カテゴリーのアイコン Work Life in Japan
Black Kigyo: What Are the So Called Japanese Black Companies and How to Recognize One
Jan 15, 2024
6 min read
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“Black kigyo”, literally “Black companies”, are companies characterized by exploitative and borderline illegal working conditions, as opposed to “white companies” where working conditions and benefits for the employees are standard or better than average.

The fragile perception of black and white “kigyo”.

The term “black” conveys the negative aspects of these companies, which often exhibit excessive working hours, low pay, inadequate benefits, harassment, and a poor work-life balance.

Employees are frequently subjected to extended workweeks, leading to high levels of stress and potential health problems. The intense work culture in these companies often results in limited time for personal and family activities, which has degenerated into “karoshi”, “death for overwork” that have sadly made the news in Japan.

Japan has also a very strong culture based on work and not being a nuisance to colleagues and superiors. Furthermore, if other employees accept unhealthy work conditions, the social pressure of fitting in might be strong on the individual, who ends up treating those work conditions as normal – just because everyone else around is accepting them.

Furthermore, rather than output and performance, the Japanese working system rewards input in the form of commitment and loyalty to the company, which falls back to working long hours and sacrificing their personal time for the “greater good” of the company.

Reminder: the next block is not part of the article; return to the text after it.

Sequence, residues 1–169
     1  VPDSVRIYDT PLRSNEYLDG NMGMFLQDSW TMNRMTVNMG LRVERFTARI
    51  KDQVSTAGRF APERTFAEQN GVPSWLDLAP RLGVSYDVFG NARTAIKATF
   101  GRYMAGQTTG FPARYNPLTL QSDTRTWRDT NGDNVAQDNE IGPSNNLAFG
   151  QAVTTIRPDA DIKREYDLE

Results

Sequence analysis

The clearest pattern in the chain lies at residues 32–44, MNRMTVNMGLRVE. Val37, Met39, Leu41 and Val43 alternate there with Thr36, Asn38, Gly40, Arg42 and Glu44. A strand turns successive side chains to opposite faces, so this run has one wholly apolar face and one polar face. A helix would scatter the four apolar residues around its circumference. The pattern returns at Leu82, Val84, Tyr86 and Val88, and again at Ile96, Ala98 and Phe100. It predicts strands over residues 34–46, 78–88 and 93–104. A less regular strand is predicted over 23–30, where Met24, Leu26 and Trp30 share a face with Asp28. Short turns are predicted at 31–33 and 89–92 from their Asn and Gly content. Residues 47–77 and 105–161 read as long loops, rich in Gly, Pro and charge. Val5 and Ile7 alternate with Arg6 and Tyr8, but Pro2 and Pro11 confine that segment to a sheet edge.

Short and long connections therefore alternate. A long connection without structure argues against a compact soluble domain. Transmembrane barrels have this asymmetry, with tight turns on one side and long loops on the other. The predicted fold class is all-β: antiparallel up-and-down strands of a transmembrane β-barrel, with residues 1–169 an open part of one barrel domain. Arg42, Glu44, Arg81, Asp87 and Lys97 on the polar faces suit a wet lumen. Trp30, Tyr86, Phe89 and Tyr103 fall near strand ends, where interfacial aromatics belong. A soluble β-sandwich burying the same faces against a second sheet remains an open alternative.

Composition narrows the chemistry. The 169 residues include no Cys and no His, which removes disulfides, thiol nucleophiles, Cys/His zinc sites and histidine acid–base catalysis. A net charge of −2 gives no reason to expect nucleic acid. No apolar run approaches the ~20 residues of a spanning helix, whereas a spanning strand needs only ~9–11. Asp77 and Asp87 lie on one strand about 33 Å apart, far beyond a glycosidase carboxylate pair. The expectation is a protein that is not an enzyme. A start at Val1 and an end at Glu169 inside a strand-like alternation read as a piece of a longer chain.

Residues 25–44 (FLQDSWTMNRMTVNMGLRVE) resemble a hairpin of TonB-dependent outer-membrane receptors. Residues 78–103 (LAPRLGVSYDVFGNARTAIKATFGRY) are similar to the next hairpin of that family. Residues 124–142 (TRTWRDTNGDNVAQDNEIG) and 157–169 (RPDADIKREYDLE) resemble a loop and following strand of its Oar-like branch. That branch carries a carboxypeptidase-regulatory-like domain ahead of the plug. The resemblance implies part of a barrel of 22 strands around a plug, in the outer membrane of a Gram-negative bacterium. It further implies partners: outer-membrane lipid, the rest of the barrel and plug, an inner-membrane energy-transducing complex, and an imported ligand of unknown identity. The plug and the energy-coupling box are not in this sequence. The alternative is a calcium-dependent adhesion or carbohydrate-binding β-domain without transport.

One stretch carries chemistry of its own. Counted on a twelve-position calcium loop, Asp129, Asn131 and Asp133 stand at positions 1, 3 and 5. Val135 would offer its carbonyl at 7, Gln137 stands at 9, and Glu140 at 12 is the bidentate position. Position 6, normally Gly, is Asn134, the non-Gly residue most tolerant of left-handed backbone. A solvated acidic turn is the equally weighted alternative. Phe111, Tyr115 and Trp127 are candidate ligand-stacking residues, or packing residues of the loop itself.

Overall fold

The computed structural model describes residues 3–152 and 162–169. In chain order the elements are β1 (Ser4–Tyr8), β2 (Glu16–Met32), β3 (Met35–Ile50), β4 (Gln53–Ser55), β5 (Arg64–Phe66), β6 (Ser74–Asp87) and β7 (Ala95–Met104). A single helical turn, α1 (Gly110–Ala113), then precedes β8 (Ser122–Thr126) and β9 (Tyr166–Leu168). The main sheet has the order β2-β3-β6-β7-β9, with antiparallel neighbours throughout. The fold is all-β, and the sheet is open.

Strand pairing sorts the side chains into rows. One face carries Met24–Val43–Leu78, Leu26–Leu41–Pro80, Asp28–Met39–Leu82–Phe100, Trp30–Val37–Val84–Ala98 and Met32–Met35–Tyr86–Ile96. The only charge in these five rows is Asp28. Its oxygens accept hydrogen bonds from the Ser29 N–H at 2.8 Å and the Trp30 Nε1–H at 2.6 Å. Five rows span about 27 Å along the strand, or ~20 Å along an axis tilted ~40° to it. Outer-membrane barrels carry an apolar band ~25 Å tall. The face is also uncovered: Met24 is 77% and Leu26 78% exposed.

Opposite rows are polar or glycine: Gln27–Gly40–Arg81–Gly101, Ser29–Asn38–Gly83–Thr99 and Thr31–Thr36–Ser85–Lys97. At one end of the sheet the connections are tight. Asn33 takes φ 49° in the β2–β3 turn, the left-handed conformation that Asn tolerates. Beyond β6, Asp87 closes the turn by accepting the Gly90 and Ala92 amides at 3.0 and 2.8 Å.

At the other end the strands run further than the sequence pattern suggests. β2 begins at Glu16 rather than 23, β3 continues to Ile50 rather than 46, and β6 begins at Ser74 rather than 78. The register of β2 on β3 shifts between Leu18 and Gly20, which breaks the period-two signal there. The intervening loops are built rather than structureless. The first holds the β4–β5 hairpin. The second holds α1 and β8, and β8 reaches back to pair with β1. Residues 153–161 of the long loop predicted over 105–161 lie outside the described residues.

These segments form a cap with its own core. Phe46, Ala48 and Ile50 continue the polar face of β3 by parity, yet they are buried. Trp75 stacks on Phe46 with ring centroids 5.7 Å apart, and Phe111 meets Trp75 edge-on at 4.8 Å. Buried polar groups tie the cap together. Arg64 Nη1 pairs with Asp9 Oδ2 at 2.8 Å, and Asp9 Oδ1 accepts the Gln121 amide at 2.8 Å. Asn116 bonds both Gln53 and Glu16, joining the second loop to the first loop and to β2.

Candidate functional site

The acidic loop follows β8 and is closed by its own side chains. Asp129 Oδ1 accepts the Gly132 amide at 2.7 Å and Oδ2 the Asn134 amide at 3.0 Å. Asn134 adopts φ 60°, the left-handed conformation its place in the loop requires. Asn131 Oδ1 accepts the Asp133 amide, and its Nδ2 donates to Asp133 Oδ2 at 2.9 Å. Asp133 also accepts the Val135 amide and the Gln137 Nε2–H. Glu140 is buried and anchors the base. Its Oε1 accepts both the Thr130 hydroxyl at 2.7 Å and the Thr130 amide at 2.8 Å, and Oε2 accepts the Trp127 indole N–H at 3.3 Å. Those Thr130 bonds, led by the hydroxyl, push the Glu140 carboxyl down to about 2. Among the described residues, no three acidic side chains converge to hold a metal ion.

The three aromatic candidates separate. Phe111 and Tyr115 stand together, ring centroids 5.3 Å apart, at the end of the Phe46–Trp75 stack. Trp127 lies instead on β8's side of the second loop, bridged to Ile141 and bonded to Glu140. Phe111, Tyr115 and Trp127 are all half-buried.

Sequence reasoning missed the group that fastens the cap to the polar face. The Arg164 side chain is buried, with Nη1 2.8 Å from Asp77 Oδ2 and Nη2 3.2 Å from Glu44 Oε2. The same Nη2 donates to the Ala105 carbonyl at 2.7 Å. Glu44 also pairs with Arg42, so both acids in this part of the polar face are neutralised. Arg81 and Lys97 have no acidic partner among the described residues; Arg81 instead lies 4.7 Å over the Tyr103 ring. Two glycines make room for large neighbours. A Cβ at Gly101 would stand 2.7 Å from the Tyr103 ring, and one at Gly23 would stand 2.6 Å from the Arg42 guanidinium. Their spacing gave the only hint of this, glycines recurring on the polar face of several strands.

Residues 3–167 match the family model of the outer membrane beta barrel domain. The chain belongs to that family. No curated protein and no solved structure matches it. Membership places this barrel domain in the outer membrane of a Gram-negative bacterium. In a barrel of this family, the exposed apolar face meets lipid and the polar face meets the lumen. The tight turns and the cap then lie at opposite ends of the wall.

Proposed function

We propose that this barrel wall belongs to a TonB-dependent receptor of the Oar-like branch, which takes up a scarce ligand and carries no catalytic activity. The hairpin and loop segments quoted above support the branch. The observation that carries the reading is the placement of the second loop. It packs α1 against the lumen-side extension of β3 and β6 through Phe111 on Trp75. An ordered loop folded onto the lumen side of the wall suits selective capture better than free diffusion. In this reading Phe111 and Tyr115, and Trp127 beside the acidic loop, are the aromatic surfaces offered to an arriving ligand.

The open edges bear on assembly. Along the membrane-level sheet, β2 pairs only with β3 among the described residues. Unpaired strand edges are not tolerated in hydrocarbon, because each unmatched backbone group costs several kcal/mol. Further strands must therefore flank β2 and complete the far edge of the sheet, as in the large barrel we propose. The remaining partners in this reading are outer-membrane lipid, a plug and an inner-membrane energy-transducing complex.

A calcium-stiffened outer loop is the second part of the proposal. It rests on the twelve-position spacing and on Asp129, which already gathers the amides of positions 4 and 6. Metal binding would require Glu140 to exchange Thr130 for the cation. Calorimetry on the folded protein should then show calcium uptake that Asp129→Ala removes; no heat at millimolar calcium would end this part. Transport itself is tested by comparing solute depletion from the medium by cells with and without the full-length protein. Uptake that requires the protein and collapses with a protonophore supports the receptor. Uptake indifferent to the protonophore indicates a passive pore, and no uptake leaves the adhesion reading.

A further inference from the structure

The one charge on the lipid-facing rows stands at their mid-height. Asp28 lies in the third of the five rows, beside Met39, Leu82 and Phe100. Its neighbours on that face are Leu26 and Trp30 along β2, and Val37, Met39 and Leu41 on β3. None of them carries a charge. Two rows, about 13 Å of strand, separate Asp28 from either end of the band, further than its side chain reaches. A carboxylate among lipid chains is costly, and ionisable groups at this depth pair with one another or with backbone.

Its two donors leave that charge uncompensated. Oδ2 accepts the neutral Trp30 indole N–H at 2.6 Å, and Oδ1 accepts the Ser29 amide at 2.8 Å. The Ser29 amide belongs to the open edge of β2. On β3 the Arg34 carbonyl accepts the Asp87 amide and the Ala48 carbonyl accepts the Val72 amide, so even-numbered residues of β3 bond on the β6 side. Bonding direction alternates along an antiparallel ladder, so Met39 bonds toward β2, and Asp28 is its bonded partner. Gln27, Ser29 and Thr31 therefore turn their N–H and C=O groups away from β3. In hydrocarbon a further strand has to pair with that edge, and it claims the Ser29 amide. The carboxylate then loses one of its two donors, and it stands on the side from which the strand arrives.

What Are the Elements for a Company to Be Classified as “Black”?

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1. Long Working Hours

The average “black kigyo” employee works an average of 80 hours overtime or more in a month. Considering there are about 20 working days a month, the overtime exceeds four hours every single day.

Article 36 of the Labor Standards Act​ states that the maximum allowable overtime work, often referred to as the "limit," is set at 45 hours per month and 360 hours per year, with no exceptions unless under extraordinary special circumstances. Even if there is an agreement between labor and management to extend the limit due to extraordinary special circumstances, the annual cap cannot surpass 720 hours. This averages out to no more than 80 hours per month over several months, including work on holidays, and no more than 100 hours per month, again including work on holidays.

Furthermore, it's stipulated that the 45-hour monthly limit should not be exceeded for more than 6 months in a given year. This framework is designed to regulate and restrict overtime work to ensure the well-being and safety of employees.

The cherry on top is that even though employees in black companies end up working so much overtime every month – since that is also illegal –those overtime hours are hardly ever compensated.

2. Lack of Holidays and Insufficient Paid Time Off

A notable trait of black companies is their scarcity of holidays. If you often find yourself complaining about the lack of time off, perhaps realizing that your last day off was spent sleeping and recovering from stress, that could indicate that the company you are working for is indeed quite black.